“Keep an eye on what’s happening because it’s changing everyday,” he added, advising travellers consult the Canadian government's travel advisory website.

“I think it's a great concern to many travellers not only who may be away right now, but who are planning a trip.”

He’s been fielding questions about what can be done to continue with a trip, or what to do if it doesn’t seem safe, he said.

“What if I booked my trip a while ago, and I'm set to go to a place like China. I'd already bought my travel insurance, but I'm not going for another six months,” he said the key there is that it's a “wait and see” scenario.

The travel advisory would need to be up at the time of travel in order for it to be covered under the policy, so he advises people continue to monitor the issue leading up to the travel date while also keeping in contact with their insurance provider.

For trips to affected countries that have already been booked, McAleer said many airlines and travel agencies are offering more lenient cancellation policies.

“Airlines are being much more open with cancellation policies, particularly where there are large areas of infection.”

He said airlines like Air Canada have been relaxing some penalties associated with cancellations of flights to affected areas. As for those looking to book an upcoming trip, either now or in general, he said there’s a few factors to always consider.

The golden rules to always follow are to know your health, know your trip, know your policy and know your rights and responsibilities.

No matter when or where you’re travelling, it’s always important to know your health and any conditions you may have, he said.

“Know your limits.” And know what kind of trip you’re taking to better gauge the type of insurance you’ll need.

“If I plan on doing a little bit of mountain climbing or if I plan on doing bungee jumping or parasailing, high risk activities. Are they covered under my policy? You're going to want to find out because that can vary from policy to policy,” he said.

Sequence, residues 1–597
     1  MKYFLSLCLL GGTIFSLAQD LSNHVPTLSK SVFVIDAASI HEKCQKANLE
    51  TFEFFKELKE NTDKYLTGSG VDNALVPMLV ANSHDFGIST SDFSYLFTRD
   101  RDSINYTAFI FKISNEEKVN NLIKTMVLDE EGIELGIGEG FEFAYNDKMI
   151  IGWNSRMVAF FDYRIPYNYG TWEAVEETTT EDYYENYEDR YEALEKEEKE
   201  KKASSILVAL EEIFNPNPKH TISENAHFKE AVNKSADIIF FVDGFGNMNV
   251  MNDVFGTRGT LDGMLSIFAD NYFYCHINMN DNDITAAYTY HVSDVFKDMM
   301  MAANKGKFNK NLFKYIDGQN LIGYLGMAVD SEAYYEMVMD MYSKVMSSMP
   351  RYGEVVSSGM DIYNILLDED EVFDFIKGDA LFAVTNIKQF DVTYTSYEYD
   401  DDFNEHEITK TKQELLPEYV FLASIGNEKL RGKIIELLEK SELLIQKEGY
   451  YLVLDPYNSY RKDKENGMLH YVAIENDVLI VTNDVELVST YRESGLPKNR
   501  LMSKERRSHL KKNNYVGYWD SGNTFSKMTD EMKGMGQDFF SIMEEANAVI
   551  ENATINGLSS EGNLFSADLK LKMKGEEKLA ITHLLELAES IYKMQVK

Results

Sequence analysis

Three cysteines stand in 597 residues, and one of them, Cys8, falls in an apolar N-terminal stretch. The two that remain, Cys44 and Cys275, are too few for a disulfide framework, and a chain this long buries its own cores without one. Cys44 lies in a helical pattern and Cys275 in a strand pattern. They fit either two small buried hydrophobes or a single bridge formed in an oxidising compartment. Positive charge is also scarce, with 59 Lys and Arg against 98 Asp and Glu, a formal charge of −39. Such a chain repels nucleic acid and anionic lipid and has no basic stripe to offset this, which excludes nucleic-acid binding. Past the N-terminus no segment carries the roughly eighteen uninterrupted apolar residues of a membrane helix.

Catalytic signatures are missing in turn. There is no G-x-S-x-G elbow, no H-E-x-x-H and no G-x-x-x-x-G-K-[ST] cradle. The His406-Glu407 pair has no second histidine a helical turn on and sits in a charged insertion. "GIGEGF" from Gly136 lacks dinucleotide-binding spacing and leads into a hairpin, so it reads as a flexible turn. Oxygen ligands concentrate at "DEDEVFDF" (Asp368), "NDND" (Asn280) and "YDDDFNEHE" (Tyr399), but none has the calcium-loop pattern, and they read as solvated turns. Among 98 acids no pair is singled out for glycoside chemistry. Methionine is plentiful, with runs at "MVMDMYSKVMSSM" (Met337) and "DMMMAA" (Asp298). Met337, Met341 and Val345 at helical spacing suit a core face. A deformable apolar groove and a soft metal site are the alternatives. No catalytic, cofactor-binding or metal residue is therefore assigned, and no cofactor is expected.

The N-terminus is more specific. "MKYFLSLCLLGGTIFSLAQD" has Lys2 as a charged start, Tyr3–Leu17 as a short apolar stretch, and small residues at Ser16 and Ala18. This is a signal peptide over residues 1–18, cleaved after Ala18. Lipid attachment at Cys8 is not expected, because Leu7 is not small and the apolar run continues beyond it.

He said you need to understand the policy and what is covered. And as for knowing your rights and responsibilities, he said it’s a part of understanding your policy.

“So you've got rights when you purchase a travel insurance policy, and that means a right to see any of the answers to the medical questions that you've answered along the way, just to make sure that the application is correct,” he said.

“And if you need to make any changes, call them back and make the changes before you go.”

It’s your responsibility to make sure you understand the ins and outs of the policy. He suggests calling your insurance provider to clarify any and all questions before you leave.

“The key is you want to go and have a restful enjoyable trip, not worry about whether or not a travel insurance policy is the right one or not.”

Finally, McAleer said it’s important to ask the right questions when shopping for travel insurance. With a global virus like COVID-19, he said travellers need to know what situations are covered.

“I’d ask them, if I'm quarantined while I'm away, will this policy provide me coverage, not only for any of the remaining part of my trip, but also, will it help me get home if I miss my trip back? Will it cover the medical side?”

But with all those considerations to look at, he said barring any other issues, most people should be able to keep travel plans if they are heading to an unaffected area. He added that it’s always important to be careful when travelling.

“I think that's always something that should be taken into consideration, you need to be situationally aware and know where you're going and know the landscape, but I don't think it's time for panic for travellers.”